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& sometimes its just nice
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Derrek



Joined: 15 Jan 2003

PostPosted: Sun Sep 07, 2003 2:43 pm    Post subject: The old Reply with quote

The really old people are usually the nice ones, in my experience. They remember the korean war, and come from a totally different time period. It's the 30 and 40-something men that seem the worst.
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captain kirk



Joined: 29 Jan 2003

PostPosted: Mon Sep 08, 2003 7:41 am    Post subject: Reply with quote

in japan on the subway with my camera out to get a shot (visa RUN) of real japanese on the subway looking stoic. a japanese with a camera bag looking like he was off on a hobby photo shoot day-stroll reaches over and hands me a box containing a roll of film, smiling gently. CONNECTION.
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just because



Joined: 01 Aug 2003
Location: Changwon - 4964

PostPosted: Mon Sep 08, 2003 8:04 am    Post subject: Reply with quote

I've got one to add.....
On saturday, it was in the middle of a thunderstorm and i was looking for a phone(no I don't own a hand phone). So this young man(about 20) asks me what is wrong. i look at him and ask jeonwhaga odiaeissumnikka??? He just hands me his cell phone and when i come back he has bought me an umbrella and a choco milk. I gave him his phone and said thank you and he smiled and kept walking down the street. That was pretty cool, even more impressed considering his age.
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Mosley



Joined: 15 Jan 2003

PostPosted: Mon Sep 08, 2003 6:00 pm    Post subject: Reply with quote

I wouldn't agree that it's usually only the older types that are helpful. I was totally lost in Suwon, looking for my friends' hogwan, when a young guy in his 20s came along, abandoned his wife & child(!) and spent the next half hour helping me find the place. Another time I was walking on the highway after visiting the Canadian Forces Kapyong Memorial. I would've had a W7000 taxi ride back to the bus station, but along comes a guy(35-40) in a phone company van & he takes me to the station! I couldn't pay him anything, of course- he wouldn't hear of it....
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Butterfly



Joined: 02 Mar 2003
Location: Kuwait

PostPosted: Mon Sep 08, 2003 6:35 pm    Post subject: Reply with quote

rapier wrote:

...so long as you appear friendly..


The answer I believe, to a successful Korea sojourn.

Recently pouring with rain (what else does it do in this country???) and walking home caught without an umbrella, just about to buy one, and a young girl in her twenties came running up to me with her umbrella, a nice one, gave it to me and went back and shared her friend's. Didn't say a word to me, just smiled. HELL WOULD FREEZE OVER before this happened in London. Ahh, Korea indeed, land of the morning calm.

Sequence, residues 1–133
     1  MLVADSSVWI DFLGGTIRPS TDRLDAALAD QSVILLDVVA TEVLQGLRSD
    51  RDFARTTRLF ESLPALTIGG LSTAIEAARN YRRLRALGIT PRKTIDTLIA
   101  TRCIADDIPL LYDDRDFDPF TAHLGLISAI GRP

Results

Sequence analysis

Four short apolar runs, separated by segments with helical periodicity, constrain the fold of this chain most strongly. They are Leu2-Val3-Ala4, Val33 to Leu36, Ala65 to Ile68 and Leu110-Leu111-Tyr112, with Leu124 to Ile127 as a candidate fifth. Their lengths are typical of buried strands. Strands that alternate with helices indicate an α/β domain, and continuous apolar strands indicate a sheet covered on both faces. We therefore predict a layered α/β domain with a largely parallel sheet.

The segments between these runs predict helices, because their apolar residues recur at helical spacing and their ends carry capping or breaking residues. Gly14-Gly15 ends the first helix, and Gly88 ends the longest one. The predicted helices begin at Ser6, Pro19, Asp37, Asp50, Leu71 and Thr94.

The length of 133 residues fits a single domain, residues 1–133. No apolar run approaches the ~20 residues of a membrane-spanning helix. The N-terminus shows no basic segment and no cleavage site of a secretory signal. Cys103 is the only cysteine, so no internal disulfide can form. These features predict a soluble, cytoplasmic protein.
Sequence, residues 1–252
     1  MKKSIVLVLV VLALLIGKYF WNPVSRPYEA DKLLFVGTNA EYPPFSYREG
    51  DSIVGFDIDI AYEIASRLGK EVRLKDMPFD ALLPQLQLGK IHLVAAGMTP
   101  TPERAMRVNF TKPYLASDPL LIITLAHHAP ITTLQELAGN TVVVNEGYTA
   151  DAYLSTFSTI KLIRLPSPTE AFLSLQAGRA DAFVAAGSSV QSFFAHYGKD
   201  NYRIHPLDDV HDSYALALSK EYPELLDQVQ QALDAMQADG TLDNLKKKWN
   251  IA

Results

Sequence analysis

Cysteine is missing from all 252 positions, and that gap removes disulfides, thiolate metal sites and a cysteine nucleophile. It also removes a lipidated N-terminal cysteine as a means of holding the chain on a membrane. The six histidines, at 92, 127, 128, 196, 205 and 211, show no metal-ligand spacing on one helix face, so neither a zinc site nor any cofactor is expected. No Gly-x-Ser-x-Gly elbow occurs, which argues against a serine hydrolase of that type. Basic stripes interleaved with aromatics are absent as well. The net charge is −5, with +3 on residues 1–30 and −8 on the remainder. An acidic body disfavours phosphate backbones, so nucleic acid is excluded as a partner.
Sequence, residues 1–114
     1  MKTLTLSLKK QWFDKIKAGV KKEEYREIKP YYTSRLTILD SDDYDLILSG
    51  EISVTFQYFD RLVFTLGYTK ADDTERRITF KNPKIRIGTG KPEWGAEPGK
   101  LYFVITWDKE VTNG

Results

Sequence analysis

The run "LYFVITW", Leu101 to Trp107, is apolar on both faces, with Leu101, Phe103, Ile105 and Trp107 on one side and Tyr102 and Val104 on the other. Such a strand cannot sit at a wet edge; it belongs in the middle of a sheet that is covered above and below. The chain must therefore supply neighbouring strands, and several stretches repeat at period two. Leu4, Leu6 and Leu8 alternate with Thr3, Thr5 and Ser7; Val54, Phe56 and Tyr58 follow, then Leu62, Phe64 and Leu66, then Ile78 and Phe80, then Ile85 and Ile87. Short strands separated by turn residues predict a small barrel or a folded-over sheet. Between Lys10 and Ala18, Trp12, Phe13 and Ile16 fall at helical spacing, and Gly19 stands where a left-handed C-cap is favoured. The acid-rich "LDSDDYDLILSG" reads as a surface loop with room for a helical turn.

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BTM



Joined: 20 Jan 2003
Location: Back in the saddle.

PostPosted: Mon Sep 08, 2003 7:13 pm    Post subject: Reply with quote

Thanks for this thread, folks. Although we all need this place to vent a bit, it is true (and I often forget) that there are kind, decent people here, as there are anywhere.

Foreign and Korean.
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Jensen



Joined: 30 Mar 2003
Location: hippie hell

PostPosted: Tue Sep 09, 2003 1:10 am    Post subject: Reply with quote

Damn, this is too positive for me, I think I'm feeling ill.
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ratslash



Joined: 08 May 2003

PostPosted: Tue Sep 09, 2003 5:44 am    Post subject: Reply with quote

wicked!

can't complain about that now can ya!
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Seoultrader



Joined: 18 Jun 2003
Location: Ali's Insurgent Inn, Fallujah

PostPosted: Tue Sep 09, 2003 5:56 am    Post subject: Reply with quote

mokpochica wrote:
One day I got into a taxi and chatted with the young driver. He wanted to meet me some time to practice English and show me around Mokpo, and I, the suspicious cynic, just told him I didn't have a phone and there was no way of contacting me. During that taxi ride my cell phone rang (caught in my lie) and later I left the taxi quickly, embarassed and forgot to pay him his fare.

I called him later realizing that I hadn't paid him (he had given me his cell #) and when we met he wouldn't let me reimburse him for the fare, insisted on paying for coffee, and had no hard feelings. Nice guy.

We're getting married later this year.


That is SOOOO cute. Definitely SBS/KBS/MBC cutesey documentary material. Good luck & may you always be happy Laughing

(hell, I'm just thrilled at another potential K-white mutt baby Wink ...we shall rule eventually)
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coolsage